Zinc deficiency and corticosteroids in the pathogenesis of alcoholic brain dysfunction--a review

Alcohol Clin Exp Res. 1994 Aug;18(4):895-901. doi: 10.1111/j.1530-0277.1994.tb00057.x.

Abstract

Chronic alcoholism is associated with hypercortisolemia and low serum zinc (Zn). Hypercortisolemia could be responsible for alcoholic cerebral atrophy and is also associated with enhanced NMDA neurotoxicity. It is hypothesized that low brain Zn, noted in chronic alcoholics, enhances NMDA excitotoxicity and ethanol withdrawal seizure susceptibility. Also, Zn deficiency can produce neuronal damage through increased free radical formation. Clinically, Zn replacement therapy may be a rational approach to the treatment of alcohol withdrawal seizures and alcohol-related brain dysfunction.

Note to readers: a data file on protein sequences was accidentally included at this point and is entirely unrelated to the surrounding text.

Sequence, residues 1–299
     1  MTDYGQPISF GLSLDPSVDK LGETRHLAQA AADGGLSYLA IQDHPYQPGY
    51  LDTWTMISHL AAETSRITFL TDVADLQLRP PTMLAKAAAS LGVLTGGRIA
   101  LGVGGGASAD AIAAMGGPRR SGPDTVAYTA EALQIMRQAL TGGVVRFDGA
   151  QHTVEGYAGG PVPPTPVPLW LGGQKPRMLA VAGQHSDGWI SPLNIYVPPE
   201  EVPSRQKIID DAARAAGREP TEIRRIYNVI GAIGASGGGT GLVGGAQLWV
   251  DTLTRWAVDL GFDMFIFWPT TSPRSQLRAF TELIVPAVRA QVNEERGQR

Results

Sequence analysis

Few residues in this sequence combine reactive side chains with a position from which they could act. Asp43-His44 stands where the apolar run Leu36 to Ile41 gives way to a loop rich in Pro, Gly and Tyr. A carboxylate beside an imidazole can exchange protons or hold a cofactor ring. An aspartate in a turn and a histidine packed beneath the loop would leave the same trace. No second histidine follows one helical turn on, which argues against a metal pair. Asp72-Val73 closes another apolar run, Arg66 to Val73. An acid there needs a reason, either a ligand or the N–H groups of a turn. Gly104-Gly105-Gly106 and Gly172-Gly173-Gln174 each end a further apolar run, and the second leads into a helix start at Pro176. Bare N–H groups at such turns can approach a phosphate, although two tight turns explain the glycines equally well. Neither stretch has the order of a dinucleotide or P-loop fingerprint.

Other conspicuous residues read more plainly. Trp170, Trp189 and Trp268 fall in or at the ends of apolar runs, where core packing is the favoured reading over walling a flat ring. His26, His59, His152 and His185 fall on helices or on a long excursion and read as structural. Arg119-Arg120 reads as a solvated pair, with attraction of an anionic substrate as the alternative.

Publication types

  • Research Support, Non-U.S. Gov't
  • Review

MeSH terms

  • Adrenal Cortex Hormones / physiology*
  • Alcohol Withdrawal Delirium / physiopathology*
  • Alcohol Withdrawal Delirium / rehabilitation
  • Alcoholism / physiopathology*
  • Alcoholism / rehabilitation
  • Atrophy
  • Brain / pathology*
  • Free Radicals
  • Humans
  • Hydrocortisone / blood
  • Psychoses, Alcoholic / physiopathology*
  • Psychoses, Alcoholic / rehabilitation
  • Receptors, N-Methyl-D-Aspartate / drug effects
  • Receptors, N-Methyl-D-Aspartate / physiology
  • Risk Factors
  • Zinc / deficiency*

Substances

  • Adrenal Cortex Hormones
  • Free Radicals
  • Receptors, N-Methyl-D-Aspartate
  • Zinc
  • Hydrocortisone